Wednesday, March 11, 2009


March 9, 2009

The other day I witnessed a disturbing sight. A bola – possibly our one and only – was lying prostrate in the middle of the street in our main square at 11 on a week day. (For all those who don’t speak Guatemalan: bola is the female version of bolo, which means drunk).

This could be deemed disturbing for several reasons:

Someone got so drunk that they passed out in the town square in the middle of the day.
Alcoholism runs rampant here, and there is little infrastructure to deal with it. Most people, when they reach the level of passing out, are abandoned by their equally inebriated drinking buddies, and the powers that be (ie la policia or, in this case, our one and only “traffic cop”) are loath to deal with the situation. Left to their own devices, they crash wherever they are able to take their last step, occasionally piss themselves, and generally lose their cowboy hat to the wind or trouble-making children. Additionally, women technically don’t drink, so it is likely, this woman didn’t have a drinking buddy to cuidarla from the get go.

Could she get hit by a car?
This, while possible, was unlikely. Being that we’re not exactly a raging metropolis, traffic is slow at best. Always putting safety first, our “traffic cop” or some other authoritative figure had taken it upon themselves to place two orange cones around her. Lastly, she was kind of hard to miss; besides being surrounded by the two traffic cones, everyone within a two block radius was staring at her. Women rarely drink (in public), and it is even rarer that one would drink so much by mid-day that this would occur. Hence: a huge spectacle.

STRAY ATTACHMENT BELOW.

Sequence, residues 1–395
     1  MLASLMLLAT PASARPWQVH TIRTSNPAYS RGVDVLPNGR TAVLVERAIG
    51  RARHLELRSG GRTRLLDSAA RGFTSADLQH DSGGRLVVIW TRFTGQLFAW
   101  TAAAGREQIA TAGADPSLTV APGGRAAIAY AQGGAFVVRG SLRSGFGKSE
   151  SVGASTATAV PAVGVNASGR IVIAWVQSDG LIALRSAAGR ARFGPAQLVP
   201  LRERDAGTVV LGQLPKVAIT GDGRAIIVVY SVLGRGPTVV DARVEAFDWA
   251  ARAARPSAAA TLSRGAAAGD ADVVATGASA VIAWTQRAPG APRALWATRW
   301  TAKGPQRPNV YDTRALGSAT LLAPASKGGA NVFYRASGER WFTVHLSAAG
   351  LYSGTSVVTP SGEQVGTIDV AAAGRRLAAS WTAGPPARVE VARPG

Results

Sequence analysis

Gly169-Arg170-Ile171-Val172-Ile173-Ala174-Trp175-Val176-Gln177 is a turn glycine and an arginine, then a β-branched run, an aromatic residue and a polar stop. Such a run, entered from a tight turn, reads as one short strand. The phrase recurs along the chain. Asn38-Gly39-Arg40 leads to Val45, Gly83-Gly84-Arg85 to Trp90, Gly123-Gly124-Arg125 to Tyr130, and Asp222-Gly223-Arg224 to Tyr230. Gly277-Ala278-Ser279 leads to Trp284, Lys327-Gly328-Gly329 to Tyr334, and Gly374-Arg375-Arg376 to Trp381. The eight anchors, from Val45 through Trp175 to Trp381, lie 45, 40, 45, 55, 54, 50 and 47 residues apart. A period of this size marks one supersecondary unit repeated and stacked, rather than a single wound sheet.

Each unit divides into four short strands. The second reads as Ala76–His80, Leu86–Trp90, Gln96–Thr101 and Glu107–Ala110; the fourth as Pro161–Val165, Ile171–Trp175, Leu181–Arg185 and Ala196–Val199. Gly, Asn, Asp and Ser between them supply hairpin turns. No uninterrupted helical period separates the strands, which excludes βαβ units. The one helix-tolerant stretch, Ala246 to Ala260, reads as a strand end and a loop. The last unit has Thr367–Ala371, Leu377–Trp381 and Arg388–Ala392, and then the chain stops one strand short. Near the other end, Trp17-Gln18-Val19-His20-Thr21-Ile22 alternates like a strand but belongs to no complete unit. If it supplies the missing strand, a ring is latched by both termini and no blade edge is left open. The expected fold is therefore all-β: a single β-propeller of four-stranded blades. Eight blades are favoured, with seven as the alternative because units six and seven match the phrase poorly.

Why is no one taking it upon themselves to move her?
This I cannot answer. I was not readily moved to take up the call either. My site mate and I discussed the matter, and decided that two gringas moving her out of the center of the road would only draw more attention to her, which is the last thing she needed. Whether this was to make ourselves feel better for not moving her, or was really in her best interest, is up to debate.

This does not inspire a great lasting first impression of the town.
A Trainee was visiting my site mate to get a better idea of what her life would be like once she swears in as an official volunteer in a couple of weeks. Bolos don’t create a great impression, but bolas even less so because they are so rare. Also, because no one was moving her, it didn’t make the people of the town seem very considerate.

I could go on, but I will try to prevent this blog post from becoming too long.

I am sorry to admit, the only living creature with any sort of compassion was a chucho (stray dog), who lay down to cuddle and support her in her moment of shame. (I apologize to anyone who would have loved a picture of this, but it just didn’t seem appropriate).

I feel incredibly sorry for this woman, who is the known bola in our town, and whose social status can sink no lower. It is frustrating that there is no organization or person who can provide her with the support she needs to overcome her alcoholism. It is frustrating that her children are being left without a mother or family to raise them. It is frustrating that people seemed to view the situation with humor rather than with any form of empathy.

She was finally moved on to the steps of the municipal building more than an hour later, by the aforementioned “traffic cop” and one of several bystanders, when a delivery truck needed to pass. I saw her again the next day, stumbling around, clearly drunk again, possibly unaware of her humiliation the day before and without hope or the likelihood of overcoming her addiction.

1 comment:

B. said...

I have only seen one bola in my town, and she fortunately made it to the sidewalk before passing out.

And one time I was in my favorite tienda buying a Coke Light at 8 in the morning on a weekday, when a woman came in with a plastic bag of soda, put a couple of Q on the counter, and the store employee filled up her bag with Venado. No words were exchanged, which leads me to believe that was a fairly regular transaction.